Desperate trade-offs among the working poor
Housing is often the biggest expense for American households. And a widespread shortage of affordable housing means that every month, many low-income people are forced to choose between rent and other necessities. This can lead to many financial hardships, including food insecurity.
So, you might reasonably assume that low-income people lucky enough to receive help paying for their housing would not have trouble putting food on the table.
Well, you would be wrong.
The recent baseline survey for the HOST demonstration in Chicago and in Portland included a series of questions to gauge food insecurity among 366 participating families, almost all of whom receive a large housing subsidy. What we found is startling. Parents reported worrying food would run out, actually running out of food, and cutting the size of meals or skipping meals at more than twice the rate we see in the general population.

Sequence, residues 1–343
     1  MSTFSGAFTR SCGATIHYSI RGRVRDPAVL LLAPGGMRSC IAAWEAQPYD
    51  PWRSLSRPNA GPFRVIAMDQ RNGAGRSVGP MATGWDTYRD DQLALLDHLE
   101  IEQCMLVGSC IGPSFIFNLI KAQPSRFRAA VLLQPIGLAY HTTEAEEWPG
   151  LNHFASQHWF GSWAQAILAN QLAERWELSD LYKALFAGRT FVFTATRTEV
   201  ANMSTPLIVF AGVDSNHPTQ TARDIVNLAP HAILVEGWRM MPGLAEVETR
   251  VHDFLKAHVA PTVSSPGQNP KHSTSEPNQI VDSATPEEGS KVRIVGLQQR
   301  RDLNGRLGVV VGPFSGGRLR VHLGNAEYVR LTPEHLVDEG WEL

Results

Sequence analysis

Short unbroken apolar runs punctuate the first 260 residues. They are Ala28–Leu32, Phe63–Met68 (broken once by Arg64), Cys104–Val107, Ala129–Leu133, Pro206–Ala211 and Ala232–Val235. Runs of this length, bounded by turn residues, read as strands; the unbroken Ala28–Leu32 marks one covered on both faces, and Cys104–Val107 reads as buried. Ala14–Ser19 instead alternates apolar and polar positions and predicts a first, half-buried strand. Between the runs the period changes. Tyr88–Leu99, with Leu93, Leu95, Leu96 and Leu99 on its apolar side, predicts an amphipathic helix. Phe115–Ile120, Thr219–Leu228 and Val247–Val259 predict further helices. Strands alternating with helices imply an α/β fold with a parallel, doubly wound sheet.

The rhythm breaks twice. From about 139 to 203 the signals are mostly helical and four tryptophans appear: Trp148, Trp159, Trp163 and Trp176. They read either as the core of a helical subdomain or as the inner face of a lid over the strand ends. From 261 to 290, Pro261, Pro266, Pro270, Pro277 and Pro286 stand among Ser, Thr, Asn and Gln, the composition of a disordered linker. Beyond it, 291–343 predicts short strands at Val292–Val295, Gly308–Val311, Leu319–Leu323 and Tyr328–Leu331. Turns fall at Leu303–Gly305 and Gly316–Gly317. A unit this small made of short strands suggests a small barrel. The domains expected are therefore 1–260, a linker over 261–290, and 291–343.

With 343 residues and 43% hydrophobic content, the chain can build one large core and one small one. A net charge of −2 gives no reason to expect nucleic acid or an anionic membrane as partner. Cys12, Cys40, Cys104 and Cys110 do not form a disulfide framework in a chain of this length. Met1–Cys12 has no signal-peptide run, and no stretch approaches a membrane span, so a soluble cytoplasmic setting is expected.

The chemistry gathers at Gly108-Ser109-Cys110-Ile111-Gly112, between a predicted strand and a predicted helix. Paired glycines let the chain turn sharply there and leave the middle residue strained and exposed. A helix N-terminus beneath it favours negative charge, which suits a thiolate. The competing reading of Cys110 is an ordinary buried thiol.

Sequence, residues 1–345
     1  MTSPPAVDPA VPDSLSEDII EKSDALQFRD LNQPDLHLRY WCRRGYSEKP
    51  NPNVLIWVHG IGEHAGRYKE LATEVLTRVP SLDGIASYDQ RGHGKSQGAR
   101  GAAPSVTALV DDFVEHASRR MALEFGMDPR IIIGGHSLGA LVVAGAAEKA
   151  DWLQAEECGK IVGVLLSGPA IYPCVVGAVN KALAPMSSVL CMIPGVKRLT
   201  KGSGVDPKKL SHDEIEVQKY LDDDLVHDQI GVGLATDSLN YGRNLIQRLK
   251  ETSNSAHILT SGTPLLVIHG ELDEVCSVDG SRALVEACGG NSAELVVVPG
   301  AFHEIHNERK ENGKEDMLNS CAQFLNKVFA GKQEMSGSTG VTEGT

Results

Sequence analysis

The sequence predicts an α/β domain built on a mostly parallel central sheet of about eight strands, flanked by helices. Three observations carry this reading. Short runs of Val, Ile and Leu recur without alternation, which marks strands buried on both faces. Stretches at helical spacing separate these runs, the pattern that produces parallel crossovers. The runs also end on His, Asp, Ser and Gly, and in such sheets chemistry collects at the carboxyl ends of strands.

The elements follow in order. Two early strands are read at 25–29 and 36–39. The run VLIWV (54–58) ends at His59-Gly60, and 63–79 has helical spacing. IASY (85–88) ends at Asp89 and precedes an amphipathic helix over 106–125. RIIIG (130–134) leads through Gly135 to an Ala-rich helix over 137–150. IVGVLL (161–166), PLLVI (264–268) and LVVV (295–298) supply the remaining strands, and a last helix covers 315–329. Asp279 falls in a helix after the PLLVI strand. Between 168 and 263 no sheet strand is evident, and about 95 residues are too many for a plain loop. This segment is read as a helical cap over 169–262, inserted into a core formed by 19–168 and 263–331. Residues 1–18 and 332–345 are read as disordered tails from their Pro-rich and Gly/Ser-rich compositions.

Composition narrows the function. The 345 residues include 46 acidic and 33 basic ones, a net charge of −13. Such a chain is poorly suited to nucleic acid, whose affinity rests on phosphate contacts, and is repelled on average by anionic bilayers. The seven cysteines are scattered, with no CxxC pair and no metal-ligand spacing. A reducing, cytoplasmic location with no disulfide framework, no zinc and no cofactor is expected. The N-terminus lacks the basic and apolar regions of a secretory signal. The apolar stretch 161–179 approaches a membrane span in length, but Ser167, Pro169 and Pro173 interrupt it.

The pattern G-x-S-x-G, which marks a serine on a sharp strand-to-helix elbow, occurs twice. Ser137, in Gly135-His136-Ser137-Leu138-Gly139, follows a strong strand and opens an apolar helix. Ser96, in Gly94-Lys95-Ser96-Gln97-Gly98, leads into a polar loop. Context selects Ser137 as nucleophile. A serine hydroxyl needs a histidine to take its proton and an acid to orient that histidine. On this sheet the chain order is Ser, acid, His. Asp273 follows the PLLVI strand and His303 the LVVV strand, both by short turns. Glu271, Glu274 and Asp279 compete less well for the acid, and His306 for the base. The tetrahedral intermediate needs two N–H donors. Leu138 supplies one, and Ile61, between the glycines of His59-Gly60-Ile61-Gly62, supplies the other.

You might think, well, those families must not be working, so of course they’re struggling more than everybody else. Again, not true. Food insecurity is actually higher in Portland where HOST participants, many of whom are immigrants and refugees, are more likely to be employed.
Further analyses of the survey data confirm that it’s not just the chronically unemployed who have difficulty putting enough food on the table. Parents who had worked in the past 12 months reported food insecurity just as frequently as HOST parents who stayed out of the labor market entirely. This may reflect both the instability of low-wage employment as well as the difficulties that HOST parents have keeping up with costs as their federal safety net benefits are phased out.
Without a doubt, housing subsidies help a lot of families in important ways. If nothing else, subsidies help them avoid homelessness. But they’re no magic ticket out of the difficulties of poverty, particularly for the working poor.